Wrecked by Maria Padian
“Everyone has heard a different version of what happened that night at MacCallum College. Haley was already in bed when her roommate, Jenny, arrived home shell-shocked from the wild Conundrum House party. Richard heard his housemate Jordan brag about the cute freshman he hooked up with. When Jenny formally accuses Jordan of rape, Haley and Richard find themselves pushed onto opposite sides of the school’s investigation. But conflicting interests fueling conflicting versions of the story may make bringing the truth to light nearly impossible–especially when reputations, relationships, and whole futures are riding on the verdict.”
I find myself very conflicted about this book. I think much of this feeling stems from the choice of main characters. Most books about rape focus on the victim, families and friends of victims, or those who were present at the time the rape occurred. In this book, the author chooses to use two people unrelated to either the victim or the perpetrator. Neither were present at the party where the rape occurred, and neither have close ties to those involved.
What I found worse was the focus on the relationship between the two main characters to the detriment of the story about the rape itself. This is a story that could have been told without the characters having any involvement with either victim or perpetrator. It could’ve been told by simply having them hear about a campus rape. That would at least have given them an excuse for focusing on themselves. As it stands, both characters come off as self-centered.
It doesn’t help that none of the characters are really all that likable. We know very little of Jenny, the rape victim, beyond the fact of her rape. The perpetrator is smug and seems to glory in the cover-up he is engineering. Everyone who was at the party is more concerned with getting in trouble than in helping someone who was attacked. Even those trying to help Jenny come across as a stereotype of feminists, insulting men in general and doing things “for Jenny’s own good”.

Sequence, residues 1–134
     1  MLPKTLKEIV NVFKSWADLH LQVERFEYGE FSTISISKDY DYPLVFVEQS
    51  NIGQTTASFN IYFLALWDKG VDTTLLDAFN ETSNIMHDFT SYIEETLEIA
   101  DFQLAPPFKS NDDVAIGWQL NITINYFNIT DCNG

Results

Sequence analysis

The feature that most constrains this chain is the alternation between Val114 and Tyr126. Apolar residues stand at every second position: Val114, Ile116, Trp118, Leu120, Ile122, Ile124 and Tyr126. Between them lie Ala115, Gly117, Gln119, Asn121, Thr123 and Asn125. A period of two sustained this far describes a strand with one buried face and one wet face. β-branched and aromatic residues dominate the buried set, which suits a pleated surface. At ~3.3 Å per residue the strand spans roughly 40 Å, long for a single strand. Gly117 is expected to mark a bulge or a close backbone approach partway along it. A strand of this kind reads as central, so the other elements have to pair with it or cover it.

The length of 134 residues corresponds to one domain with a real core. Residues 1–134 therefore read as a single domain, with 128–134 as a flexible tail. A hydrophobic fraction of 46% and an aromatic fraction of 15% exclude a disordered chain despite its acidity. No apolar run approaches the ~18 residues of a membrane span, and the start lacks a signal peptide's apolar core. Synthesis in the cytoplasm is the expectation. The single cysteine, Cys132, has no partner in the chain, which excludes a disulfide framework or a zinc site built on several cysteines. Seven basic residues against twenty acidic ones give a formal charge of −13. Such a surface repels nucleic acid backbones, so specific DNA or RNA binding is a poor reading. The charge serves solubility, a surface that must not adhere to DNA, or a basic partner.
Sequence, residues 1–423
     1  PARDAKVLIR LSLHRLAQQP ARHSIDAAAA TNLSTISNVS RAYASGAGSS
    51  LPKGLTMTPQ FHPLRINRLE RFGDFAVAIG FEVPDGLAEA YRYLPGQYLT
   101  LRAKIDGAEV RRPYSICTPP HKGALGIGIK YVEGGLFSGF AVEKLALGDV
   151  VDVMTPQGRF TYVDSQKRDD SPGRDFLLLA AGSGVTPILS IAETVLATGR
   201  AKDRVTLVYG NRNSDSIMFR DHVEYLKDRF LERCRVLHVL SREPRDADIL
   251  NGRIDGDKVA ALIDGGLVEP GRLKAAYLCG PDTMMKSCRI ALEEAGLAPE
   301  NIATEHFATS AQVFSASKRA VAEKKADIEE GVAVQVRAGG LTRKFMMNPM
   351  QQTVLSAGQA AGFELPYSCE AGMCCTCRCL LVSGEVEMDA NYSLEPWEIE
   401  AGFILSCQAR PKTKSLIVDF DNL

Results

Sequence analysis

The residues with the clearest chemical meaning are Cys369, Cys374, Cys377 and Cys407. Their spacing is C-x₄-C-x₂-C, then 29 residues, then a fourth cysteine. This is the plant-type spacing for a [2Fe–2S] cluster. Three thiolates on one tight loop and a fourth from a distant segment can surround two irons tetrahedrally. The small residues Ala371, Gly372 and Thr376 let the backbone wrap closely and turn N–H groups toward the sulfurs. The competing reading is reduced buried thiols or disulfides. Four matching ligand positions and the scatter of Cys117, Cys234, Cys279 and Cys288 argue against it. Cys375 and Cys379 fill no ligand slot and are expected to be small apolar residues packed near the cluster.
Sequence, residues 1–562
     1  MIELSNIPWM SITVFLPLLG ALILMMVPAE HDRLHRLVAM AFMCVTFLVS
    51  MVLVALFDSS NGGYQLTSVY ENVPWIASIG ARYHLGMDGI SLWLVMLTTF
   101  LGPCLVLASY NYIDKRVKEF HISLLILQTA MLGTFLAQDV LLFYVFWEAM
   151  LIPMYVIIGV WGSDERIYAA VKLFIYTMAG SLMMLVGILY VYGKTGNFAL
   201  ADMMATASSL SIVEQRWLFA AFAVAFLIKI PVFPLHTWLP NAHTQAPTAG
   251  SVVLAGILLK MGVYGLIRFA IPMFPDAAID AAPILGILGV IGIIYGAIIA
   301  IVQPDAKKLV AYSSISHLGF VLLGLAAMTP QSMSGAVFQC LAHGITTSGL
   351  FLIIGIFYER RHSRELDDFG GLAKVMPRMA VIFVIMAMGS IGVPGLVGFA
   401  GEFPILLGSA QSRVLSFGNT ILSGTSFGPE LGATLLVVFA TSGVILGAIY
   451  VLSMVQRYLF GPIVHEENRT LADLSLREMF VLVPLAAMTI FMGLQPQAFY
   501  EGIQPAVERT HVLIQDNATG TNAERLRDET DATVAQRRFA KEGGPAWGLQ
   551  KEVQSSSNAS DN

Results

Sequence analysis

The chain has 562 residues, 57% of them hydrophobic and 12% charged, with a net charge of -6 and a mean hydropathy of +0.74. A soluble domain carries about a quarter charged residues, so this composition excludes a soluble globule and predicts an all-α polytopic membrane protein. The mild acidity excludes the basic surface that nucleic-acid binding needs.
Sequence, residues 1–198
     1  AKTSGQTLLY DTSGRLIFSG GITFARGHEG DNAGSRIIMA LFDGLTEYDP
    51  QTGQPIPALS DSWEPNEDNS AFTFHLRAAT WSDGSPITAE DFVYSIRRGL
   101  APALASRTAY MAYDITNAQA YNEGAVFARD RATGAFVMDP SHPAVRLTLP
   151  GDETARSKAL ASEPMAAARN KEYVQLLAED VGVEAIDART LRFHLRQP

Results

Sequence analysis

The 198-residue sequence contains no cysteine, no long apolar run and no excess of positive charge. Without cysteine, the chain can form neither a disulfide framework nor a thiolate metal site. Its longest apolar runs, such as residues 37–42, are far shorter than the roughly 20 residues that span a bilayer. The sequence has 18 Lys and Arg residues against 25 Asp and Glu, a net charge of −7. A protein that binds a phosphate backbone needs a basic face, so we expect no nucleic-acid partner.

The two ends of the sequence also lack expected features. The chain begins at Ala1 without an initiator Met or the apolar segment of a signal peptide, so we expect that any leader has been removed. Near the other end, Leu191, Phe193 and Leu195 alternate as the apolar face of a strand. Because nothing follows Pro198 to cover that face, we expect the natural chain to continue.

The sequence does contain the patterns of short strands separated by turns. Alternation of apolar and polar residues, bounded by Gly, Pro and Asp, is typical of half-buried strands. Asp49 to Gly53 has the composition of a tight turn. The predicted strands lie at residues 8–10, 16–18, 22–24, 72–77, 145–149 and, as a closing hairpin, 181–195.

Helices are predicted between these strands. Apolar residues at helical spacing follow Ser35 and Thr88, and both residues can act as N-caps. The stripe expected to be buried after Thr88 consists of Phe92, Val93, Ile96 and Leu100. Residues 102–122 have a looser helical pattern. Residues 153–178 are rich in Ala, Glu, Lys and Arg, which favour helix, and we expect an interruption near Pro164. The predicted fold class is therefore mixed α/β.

On the plus side, this novel does highlight many of the problems with reporting campus rape. The author details the limitations that are placed on consequences for rapists on a college campus, as well as the sad fact that many colleges do not have anyone dedicated to investigating rape claims. Most make do with appointing a faculty member to investigate the issue, and of course the campus has no ability to bring legal consequences against someone they deem guilty. It is also genuinely heartbreaking to see jenny’s fear at encountering her rapist on campus with no way to protect herself unless she involves the police.
The part of the book that I appreciated the most was the scene at where the two main characters role play enthusiastic consent. On the surface, this concept sounds like a mood killer, but the book successfully portrays it as something that can be very sensual. It’s discussions like this that need to be happening on college campuses all across the country, and it’s a good starting place for readers who have never heard of this concept before.
I’m not sure if this book’s positives outweigh its negatives enough for me to recommend it. If nothing else, this is not a book that I would recommend to somebody new to novels tackling the subject. This is better suited to those who have already read novels about the consequences of rape itself and are ready to move on to the broader issues in society.
This book was provided by the publisher in exchange for an honest review.
(Description nicked from Goodreads.com.)